They were right. I had been so wrong.
What was funny was my sweet husband. John had been in Wisconsin during this time, out of service range, so he was in the dark about the goings on of his scattered wife. Her great intentions gone awry.
All because of a puppy.
When he finally got on the plane Monday, he found my blog. Saw the story of Chelsea. And texted me in a panic.
“Do we have a dog? Do Heather and Jeremy have a dog?”
My quick response: “Are you scared?”
“I don’t want to be surprised,” he countered.
“And yes, I’m scared.”
He has good reason to feel that way. We’ve had three dogs in our family, and all of them have been acquired while he was out of town.
Not subversive behavior on my part. More like increased freedom due to the removal of a filter.
Our first dog, Lucky, was found by a blind lady.
She’d been walking with her seeing eye dog and he followed her home. My oldest daughter saw his ad in the paper and called. She was told Lucky’s story. With a vague description of what he looked like. (Blind, remember?)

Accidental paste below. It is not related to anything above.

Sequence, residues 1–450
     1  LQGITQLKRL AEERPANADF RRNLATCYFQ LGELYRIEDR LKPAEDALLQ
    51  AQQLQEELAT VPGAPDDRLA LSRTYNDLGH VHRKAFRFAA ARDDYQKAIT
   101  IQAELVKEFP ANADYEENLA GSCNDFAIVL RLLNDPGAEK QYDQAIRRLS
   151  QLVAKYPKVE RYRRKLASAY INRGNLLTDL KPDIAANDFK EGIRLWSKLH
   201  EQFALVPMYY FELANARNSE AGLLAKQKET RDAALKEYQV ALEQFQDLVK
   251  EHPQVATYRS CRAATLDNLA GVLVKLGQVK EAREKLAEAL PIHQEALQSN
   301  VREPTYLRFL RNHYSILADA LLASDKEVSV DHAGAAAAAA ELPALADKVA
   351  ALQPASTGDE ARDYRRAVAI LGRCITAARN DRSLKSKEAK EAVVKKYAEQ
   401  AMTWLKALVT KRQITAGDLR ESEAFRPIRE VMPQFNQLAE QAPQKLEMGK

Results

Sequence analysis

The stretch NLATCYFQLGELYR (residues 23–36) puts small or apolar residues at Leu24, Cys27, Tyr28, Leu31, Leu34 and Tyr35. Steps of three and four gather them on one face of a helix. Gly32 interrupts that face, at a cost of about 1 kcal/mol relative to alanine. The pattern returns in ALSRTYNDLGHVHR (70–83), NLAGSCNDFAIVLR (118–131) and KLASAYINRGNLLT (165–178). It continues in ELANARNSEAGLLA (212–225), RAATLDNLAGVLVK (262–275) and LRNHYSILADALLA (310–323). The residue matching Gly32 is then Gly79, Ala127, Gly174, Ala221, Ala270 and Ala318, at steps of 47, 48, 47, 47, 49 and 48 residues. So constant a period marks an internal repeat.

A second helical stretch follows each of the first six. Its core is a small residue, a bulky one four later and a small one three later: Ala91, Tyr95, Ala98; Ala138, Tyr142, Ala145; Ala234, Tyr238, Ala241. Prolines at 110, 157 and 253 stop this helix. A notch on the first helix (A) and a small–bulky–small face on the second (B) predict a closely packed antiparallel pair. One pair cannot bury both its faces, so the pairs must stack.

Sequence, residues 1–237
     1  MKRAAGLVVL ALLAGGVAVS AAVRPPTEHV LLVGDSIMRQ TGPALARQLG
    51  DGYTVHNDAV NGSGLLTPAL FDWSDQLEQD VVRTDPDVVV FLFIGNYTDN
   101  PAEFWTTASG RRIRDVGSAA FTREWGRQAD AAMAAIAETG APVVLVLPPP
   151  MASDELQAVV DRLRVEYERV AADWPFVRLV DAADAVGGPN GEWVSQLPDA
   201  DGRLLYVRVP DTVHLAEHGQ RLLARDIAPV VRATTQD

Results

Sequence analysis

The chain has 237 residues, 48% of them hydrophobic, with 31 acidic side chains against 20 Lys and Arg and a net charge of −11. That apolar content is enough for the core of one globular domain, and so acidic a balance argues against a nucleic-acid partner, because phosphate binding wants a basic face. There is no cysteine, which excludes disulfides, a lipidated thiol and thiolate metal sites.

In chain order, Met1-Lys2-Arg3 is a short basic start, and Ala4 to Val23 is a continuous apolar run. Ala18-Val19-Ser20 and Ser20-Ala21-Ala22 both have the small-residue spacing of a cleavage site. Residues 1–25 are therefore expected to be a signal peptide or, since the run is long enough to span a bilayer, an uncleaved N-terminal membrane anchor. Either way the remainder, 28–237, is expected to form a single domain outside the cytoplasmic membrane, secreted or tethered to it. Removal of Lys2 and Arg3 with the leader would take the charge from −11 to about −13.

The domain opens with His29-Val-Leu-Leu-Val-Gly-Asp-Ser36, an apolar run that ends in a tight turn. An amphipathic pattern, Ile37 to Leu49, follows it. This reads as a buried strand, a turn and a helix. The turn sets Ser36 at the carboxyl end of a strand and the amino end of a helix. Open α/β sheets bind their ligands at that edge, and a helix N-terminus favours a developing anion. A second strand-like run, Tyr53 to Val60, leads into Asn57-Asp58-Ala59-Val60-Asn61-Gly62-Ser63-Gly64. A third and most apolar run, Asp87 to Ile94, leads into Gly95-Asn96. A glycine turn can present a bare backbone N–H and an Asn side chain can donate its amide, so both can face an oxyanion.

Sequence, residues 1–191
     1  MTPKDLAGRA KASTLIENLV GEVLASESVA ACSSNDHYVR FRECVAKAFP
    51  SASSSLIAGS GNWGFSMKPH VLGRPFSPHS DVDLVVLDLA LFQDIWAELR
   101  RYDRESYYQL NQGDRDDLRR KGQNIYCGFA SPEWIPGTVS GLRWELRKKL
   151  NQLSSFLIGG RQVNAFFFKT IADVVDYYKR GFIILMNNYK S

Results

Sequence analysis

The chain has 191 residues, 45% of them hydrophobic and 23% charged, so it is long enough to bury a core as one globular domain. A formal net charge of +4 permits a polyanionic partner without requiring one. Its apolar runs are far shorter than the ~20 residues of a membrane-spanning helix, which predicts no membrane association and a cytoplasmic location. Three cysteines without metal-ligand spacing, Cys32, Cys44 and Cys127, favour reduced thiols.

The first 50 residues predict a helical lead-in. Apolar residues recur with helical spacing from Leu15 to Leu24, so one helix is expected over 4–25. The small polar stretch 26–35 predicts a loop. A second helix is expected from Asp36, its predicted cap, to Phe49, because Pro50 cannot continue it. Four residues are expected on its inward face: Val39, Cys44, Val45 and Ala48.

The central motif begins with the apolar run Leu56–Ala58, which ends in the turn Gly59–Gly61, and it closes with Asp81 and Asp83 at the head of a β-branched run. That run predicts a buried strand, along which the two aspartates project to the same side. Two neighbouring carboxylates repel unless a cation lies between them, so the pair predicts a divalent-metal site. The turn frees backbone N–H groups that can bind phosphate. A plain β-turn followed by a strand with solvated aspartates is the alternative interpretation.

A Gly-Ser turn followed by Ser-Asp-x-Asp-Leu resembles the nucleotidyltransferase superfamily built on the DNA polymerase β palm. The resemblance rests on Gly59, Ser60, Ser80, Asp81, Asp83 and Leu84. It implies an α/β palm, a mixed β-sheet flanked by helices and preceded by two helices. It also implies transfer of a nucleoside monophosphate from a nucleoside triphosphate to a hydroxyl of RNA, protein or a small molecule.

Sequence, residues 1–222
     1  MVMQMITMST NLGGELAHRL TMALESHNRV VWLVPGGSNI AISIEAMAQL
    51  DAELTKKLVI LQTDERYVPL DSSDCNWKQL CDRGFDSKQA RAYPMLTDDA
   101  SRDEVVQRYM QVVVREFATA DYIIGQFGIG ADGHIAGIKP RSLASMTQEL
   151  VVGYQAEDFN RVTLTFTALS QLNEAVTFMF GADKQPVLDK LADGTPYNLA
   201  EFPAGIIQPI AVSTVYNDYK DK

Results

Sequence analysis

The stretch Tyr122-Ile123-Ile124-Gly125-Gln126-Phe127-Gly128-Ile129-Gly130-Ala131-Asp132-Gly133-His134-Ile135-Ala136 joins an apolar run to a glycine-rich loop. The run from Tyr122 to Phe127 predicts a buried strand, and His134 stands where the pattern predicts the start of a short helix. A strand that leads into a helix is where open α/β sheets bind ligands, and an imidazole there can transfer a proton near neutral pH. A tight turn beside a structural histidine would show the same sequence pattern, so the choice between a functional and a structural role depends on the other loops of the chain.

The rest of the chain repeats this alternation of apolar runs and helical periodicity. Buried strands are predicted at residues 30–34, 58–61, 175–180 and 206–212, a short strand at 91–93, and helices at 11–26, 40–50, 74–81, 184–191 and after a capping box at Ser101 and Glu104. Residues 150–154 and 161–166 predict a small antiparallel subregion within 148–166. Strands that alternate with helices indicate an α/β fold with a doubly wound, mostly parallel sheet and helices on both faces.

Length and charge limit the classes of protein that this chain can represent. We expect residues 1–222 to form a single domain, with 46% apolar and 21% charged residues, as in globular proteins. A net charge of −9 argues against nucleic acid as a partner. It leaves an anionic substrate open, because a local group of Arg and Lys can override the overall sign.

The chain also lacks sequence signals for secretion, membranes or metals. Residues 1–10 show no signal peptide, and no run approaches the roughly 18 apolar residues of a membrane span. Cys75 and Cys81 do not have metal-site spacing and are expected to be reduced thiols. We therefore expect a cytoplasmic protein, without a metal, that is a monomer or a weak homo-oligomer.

Not even close. The poor thing had mange. No hair except on the end of his tail and tips of his ears. And he was terrified of men.
John found out about him when he returned home from a trip overseas and found a dog dish in the kitchen. Subtle.
Not even close. We took her to the vet who said she was probably 80% pit bull. She only lasted eleven months. We gave her away after a few wrenched shoulders and a total inability to walk her without being dragged.
Then there was Pudge. John at least knew we were looking for a dog. We got him at the pound while John was at a conference. Pudge was a sweet companion and faithful watchdog for sixteen years.
So John’s concern was grounded in experience. He’s been gone a lot lately, so the specter of a new canine companion at the house was a very real possibility in his mind. I’d love to have another dog.
But right now, with life the way it is, having a new puppy isn’t feasible. Isn’t logical. I get that. I’m not crazy about it, but I get it.
It would encourage John immensely if I accept our present reality and not keep pushing the issue.
I’m really good at pushing the issue.
Pushing to get my way rarely feels good.
Solomon said it best.
“The wisdom of the wise keeps life on track; the foolishness of fools lands them in the ditch.” Proverbs 14:8
Being wise means thoughtfully looking at my circumstances and applying truth to the situation. God is the Giver of all truth and wisdom. Relying on Him for decisions makes more sense than relying on the limits of my own logic.
Even if it means forgoing a puppy.
The first photo is of Chelsea, the one-night fostered puppy.
The second photo is one of our dog, Pudge. He died a year ago.
The third photo is courtesy of today.com.